Liu Shiyi is in his first week as head of Chinese securities, an area he has no direct experience in. There's a weight of expectation on his shoulders as the country looks to Beijing after months of market turmoil. Graham Mackay reports.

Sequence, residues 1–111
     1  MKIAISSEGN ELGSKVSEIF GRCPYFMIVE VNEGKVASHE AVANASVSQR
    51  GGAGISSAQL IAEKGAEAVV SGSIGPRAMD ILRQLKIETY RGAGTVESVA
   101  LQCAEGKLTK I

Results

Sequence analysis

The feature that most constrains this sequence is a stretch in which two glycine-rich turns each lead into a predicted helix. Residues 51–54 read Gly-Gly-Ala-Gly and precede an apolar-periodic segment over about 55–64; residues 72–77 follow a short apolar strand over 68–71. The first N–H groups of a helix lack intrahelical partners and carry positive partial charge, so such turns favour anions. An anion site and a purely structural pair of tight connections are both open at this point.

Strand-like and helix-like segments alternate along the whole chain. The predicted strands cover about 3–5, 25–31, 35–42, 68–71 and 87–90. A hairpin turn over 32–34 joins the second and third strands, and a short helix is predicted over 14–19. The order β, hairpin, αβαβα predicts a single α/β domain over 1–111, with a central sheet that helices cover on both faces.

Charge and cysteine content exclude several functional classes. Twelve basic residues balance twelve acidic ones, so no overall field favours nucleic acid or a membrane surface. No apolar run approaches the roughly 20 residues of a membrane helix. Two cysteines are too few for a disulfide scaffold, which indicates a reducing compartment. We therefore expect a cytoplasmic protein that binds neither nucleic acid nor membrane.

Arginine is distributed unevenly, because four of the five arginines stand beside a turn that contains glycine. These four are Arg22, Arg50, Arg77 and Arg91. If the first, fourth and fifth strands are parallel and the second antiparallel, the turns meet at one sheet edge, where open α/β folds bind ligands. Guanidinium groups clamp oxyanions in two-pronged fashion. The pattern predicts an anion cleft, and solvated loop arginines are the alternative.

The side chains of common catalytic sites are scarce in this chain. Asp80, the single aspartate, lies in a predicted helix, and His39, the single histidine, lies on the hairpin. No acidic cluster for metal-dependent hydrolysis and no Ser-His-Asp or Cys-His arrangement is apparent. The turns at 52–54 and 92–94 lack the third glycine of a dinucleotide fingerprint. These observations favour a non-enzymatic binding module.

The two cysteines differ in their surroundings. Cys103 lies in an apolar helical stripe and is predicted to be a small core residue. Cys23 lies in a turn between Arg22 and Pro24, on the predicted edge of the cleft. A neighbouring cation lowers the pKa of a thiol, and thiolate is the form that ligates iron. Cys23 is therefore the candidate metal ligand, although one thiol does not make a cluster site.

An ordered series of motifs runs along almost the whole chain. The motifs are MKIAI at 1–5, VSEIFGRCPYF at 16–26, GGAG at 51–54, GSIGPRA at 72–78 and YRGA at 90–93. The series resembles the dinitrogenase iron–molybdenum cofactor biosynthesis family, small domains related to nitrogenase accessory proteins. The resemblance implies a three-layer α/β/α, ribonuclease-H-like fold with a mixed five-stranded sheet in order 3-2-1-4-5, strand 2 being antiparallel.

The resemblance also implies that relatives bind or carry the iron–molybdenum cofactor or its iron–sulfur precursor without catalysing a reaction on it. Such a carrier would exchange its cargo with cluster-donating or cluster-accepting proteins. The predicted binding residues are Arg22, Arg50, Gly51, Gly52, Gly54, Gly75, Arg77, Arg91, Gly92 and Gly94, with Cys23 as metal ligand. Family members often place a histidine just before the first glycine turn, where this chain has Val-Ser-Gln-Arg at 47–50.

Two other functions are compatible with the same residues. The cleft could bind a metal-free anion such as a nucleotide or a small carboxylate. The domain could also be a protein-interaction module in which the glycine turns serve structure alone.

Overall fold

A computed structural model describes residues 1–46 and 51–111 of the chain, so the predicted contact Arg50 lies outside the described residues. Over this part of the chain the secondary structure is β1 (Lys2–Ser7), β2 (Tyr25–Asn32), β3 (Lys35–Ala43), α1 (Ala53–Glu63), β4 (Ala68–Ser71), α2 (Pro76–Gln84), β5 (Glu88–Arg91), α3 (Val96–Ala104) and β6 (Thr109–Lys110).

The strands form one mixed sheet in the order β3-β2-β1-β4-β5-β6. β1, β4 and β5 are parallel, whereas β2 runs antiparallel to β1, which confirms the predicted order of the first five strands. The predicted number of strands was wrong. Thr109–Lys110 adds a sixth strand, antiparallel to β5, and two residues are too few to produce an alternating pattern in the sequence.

This is the man tasked with restoring faith in China's stock market. Liu Shiyu -starting his new role as Beijing's securities regulator this week... Inheriting the fallout from a crisis. Reuters Pete Sweeney says winning over investors won't be his only big challenge. (SOUNDBITE) (English) REUTERS CHIEF CHINA MARKETS CORRESPONDENT, PETE SWEENEY, SAYING: "The trick for Liu is gonna be - like for any political appointee taking over a gigantic sprawling bureaucracy - is how to push through change - how and when to do it - against a bureaucracy that has a lot of career people who really aren't interested in the kind of reforms that the market needs." Top of Liu's to-do list is to kick-start changes like loosening up the rules for Chinese IPOs. But pushing back against the old guard won't be easy. (SOUNDBITE) (English) REUTERS CHIEF CHINA MARKETS CORRESPONDENT, PETE SWEENEY, SAYING: "The CSRC officials control who gets to list, when they get to list, and even how they get to price the IPO in many ways. This gives the officials in charge of those sections an enormous amount of influence and power that can be an incentive for corruption as well. For Liu or anyone, to come into that system, and start implementing reforms that weaken the influence of these guys, you know, is going to be quite tough." Liu definitely does have his supporters though - And China's social media army is feverishly posting about his appointment. (SOUNDBITE) (English) REUTERS CHIEF CHINA MARKETS CORRESPONDENT, PETE SWEENEY, SAYING: "One guy just asked Liu Shiyi to push up the markets so he could make a bunch of money and find a good wife. Another guy said a bull market was certain to come." Liu is not be a tried and tested regulator -- in fact, he doesn't even have a background in securities but at least his appointment hasn't got people panicking. Many say for now, that's the best that Beijing can hope for.